Customs service charge increase is a ‘wicked tax’ – Dr Friday
Lawmakers passed a law in Parliament on Tuesday March 16 that increased the Customs service charge from five per cent to six per cent – an increase that the Opposition has labelled “wicked” and “unconscionable”, in the time of a pandemic.
The one percentage point increase on the Customs service charge is the only revenue measure introduced by the government in the 2021 fiscal year and money raised by the increase is intended to fund several regional entities that play a role in the safety and resilience of this country.
However, Dr Godwin Friday, the opposition leader has argued that the increase in customs service charge will have significant adverse effects and consequences for the people of St Vincent and the Grenadines.
“This is a wicked tax at this time because it will cause great hardship right across the board because it affects everybody,” Friday said in his contribution to the debate in Parliament last week Tuesday.
“So let’s ask the question – and the minister may confirm this when he speaks. He raises, let’s say 8, 10 million dollars from this tax. Where is that money coming from? Who is paying the money?”
The institutions meant to benefit from the increase in the customs service charge include the Caribbean Public Health Agency (CARPHA), the Pan-American Health Organisation (PAHO), the Regional Security Service (RSS), the Caribbean Disaster Emergency Management Agency (CDEMA), the CARICOM Implementing Agency for Crime and Security (IMPACS), the Caribbean Institute of Meteorology and Hydrology, the Caribbean Meteorological Services and the UWI Seismic Research Centre.
While he acknowledged the good intention of the increase, Dr Friday said it was unconscionable to introduce the one percentage increase at this time, as it will affect a wide range of items across the board.
He added that SVG has a small, open economy, meaning that most things used by citizens are imported.
“How can we say to someone, yes we are going to put aside money for the OECS and CARICOM and CARPHA and PAHO- but the money doesn’t come from the sky. Somebody is paying for it and the somebody who is paying for it is the ordinary people in this country, the ordinary people who right now are feeling the pressures being asked to pay more and that increases the hardship upon them,” the opposition leader said.
When he presented the 2021 budget to Parliament in January, Camillo Gonsalves, the Finance Minister said that the government anticipates just over $9 million will be raised from the intervention.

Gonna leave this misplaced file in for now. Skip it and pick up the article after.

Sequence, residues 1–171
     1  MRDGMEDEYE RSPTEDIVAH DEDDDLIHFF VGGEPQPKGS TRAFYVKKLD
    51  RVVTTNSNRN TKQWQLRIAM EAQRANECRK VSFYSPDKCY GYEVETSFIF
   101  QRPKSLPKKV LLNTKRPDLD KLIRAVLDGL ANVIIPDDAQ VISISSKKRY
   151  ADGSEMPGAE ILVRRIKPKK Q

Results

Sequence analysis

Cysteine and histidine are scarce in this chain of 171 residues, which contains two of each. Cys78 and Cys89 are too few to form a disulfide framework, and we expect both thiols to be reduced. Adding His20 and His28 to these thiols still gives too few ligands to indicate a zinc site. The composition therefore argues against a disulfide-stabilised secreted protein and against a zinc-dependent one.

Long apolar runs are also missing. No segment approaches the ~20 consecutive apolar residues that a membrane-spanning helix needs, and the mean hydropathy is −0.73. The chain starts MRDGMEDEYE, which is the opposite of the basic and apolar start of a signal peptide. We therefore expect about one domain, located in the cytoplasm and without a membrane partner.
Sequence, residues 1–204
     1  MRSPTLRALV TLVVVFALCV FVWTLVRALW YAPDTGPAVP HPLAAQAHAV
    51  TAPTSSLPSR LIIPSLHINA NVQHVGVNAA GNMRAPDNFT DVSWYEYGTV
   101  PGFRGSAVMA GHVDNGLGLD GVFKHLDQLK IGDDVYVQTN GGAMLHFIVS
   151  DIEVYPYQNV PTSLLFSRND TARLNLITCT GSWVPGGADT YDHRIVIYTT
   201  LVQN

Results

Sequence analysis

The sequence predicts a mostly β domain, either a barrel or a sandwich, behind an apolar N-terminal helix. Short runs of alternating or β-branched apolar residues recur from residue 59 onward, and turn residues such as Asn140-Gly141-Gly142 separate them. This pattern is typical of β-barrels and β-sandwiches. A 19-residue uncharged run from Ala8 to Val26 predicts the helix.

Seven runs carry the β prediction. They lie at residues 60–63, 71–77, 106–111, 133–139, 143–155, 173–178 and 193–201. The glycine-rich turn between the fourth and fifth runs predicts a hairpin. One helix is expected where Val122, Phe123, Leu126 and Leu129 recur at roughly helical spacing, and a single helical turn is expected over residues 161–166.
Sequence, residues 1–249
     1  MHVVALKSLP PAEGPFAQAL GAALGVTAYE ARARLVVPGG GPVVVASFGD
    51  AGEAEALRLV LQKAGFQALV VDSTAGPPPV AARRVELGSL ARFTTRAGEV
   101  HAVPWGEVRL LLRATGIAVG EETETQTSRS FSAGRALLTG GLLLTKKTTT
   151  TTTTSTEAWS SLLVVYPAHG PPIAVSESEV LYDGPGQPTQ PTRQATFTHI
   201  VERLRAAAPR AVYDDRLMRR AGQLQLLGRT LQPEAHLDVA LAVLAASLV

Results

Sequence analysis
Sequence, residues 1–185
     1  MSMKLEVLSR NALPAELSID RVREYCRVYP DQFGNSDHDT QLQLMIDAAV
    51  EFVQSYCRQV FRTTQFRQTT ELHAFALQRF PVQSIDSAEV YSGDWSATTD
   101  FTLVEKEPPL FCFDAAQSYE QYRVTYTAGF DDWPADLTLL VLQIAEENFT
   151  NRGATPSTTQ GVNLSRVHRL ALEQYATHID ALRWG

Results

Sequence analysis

He also indicated that the funds were to be ring fenced so that it will be specifically put aside to make payments to the institutions.
A second piece of legislation, the Automaticity of Payments to Specified Regional Institutions Act (2021) was also successfully passed in the House of Assembly on Tuesday evening.
This Act allows for the automatic payments to be made to the specific institutions.
But Friday pointed out that lawmakers vote to have specific sums of money allocated to the regional institutions every year during the Estimates.
“So what happened to the money? We haven’t been paying? There is no necessary connection between a desire to ensure the automatic payment of these important institutions and raising a tax, a new tax just to pay them. The two things don’t have to go together,” he contended.
The opposition leader gave an overview of the funds allocated to some regional institutions, noting that the OECS, RSS and Eastern Caribbean Supreme Court are principal beneficiaries with sums of $3.1 million, $2 million and $2.2 million respectively.
Organisations like CARPHA and the UWI Seismic Research Centre, which have played an integral role in managing the COVID pandemic and ongoing effusive eruption, account for much smaller amounts — $113,000 and $400,000 respectively.
Friday recommended that if the government wanted to ensure that these institutions are paid but it has no discipline to do it without legislation, then legislation should be passed for the automatic payment of the money that is allocated each year for them in the Estimates from various sources.
“I truly cannot comprehend, other than opportunism, why this measure would be brought to bear on the people of this country at this time, and it is not even intended to raise funds to help those who are worse hit, who have been affected the most by the COVID crisis,” he added.
Dr Friday noted that “it would’ve been strange- to be honest- to tax people, and then tell them you want to give them back money as part of COVID relief. That would’ve been perverse but, in a sense, it might seem on the surface, even more acceptable because we know the intention is to deal with the real pain and problems that the people of this country are feeling at this time”.